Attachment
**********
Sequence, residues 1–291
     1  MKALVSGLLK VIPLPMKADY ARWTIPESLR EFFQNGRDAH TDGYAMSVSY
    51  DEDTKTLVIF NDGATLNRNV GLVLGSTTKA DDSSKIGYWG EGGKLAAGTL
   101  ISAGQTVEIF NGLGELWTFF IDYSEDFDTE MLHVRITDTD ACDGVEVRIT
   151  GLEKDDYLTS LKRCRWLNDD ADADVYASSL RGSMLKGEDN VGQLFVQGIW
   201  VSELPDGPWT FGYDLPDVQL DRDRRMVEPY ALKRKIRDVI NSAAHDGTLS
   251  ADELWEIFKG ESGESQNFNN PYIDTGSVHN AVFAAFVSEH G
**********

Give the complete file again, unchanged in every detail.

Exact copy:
Sequence, residues 1–291
     1  MKALVSGLLK VIPLPMKADY ARWTIPESLR EFFQNGRDAH TDGYAMSVSY
    51  DEDTKTLVIF NDGATLNRNV GLVLGSTTKA DDSSKIGYWG EGGKLAAGTL
   101  ISAGQTVEIF NGLGELWTFF IDYSEDFDTE MLHVRITDTD ACDGVEVRIT
   151  GLEKDDYLTS LKRCRWLNDD ADADVYASSL RGSMLKGEDN VGQLFVQGIW
   201  VSELPDGPWT FGYDLPDVQL DRDRRMVEPY ALKRKIRDVI NSAAHDGTLS
   251  ADELWEIFKG ESGESQNFNN PYIDTGSVHN AVFAAFVSEH G